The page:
RAM's Force 9.5 is the ideal entry level dual disc clutch for street use. With a torque capacity of roughly 800 ft/lbs and moderate clamp pressure, these clutches handle small blower or turbo applications and provide a light pedal effort similar to the stock clutch (RAM 2010 Camaro test drivers couldn't tell the stock clutch was changed). The floater plate is driven from 3 sets of straps to eliminate rattle at idle; the top clutch disc has a sprung hub assembly to absorb the clutch's initial engagement and reduce chatter.
Engineered for today's late model performance cars and older vehicle engine swaps, most RAM Dual Disc Clutches are compatible with factory hydraulic release mechanisms. A clutch's height is critical to proper operation; it prevents the need for spacers or other modification. Dual disc clutches that bolt to a stock flywheel can be a release problem. For clutches that malfunction, add a RAM Internal Hydraulic Bearing.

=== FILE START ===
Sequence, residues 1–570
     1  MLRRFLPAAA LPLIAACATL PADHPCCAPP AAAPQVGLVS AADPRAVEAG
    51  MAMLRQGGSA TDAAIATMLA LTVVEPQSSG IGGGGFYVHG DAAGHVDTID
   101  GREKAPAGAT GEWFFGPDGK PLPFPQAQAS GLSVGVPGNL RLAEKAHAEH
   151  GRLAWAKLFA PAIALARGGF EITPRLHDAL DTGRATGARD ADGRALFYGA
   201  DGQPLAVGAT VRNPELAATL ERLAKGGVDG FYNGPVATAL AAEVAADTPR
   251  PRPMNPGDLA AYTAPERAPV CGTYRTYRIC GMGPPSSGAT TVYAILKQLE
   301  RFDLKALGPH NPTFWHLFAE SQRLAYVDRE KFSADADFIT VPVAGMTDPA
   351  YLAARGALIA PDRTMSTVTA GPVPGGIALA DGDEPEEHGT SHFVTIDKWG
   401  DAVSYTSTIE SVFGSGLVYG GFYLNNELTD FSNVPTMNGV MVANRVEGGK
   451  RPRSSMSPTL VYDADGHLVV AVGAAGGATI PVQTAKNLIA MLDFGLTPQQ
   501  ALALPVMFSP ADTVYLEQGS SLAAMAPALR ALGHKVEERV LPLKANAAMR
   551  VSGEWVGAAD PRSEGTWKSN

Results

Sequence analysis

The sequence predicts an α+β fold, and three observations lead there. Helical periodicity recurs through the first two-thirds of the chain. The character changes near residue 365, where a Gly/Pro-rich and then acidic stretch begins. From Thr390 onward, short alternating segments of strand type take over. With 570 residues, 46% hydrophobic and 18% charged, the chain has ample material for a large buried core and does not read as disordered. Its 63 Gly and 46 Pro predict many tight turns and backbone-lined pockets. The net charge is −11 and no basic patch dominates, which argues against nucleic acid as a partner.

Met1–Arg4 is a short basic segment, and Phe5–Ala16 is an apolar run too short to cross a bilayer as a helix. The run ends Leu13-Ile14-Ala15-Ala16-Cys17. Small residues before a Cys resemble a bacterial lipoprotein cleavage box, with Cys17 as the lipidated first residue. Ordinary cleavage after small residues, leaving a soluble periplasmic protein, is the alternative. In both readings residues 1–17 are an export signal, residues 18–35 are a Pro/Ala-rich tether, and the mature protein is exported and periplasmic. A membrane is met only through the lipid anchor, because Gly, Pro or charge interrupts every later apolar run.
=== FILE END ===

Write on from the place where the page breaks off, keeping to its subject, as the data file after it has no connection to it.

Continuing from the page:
The purpose of these clutches is to provide smooth drivability for high power levels that wasn't previously available from single disc clutches with aggressive friction material. The clutch assembly also needs enough weight so it can be driven at lower RPM and maintain vehicle inertia without bucking. If the clutch assembly is too light, low-end drivability suffers. Applications with large camshaft profiles are prone to this and need the inertia of a heavier unit to sustain low-speed drivability. Road race type vehicles, however, benefit from a smaller clutch's lighter weight because the vehicle drives deeper into turns before letting off the throttle and accelerates quicker back to torque range out of turns.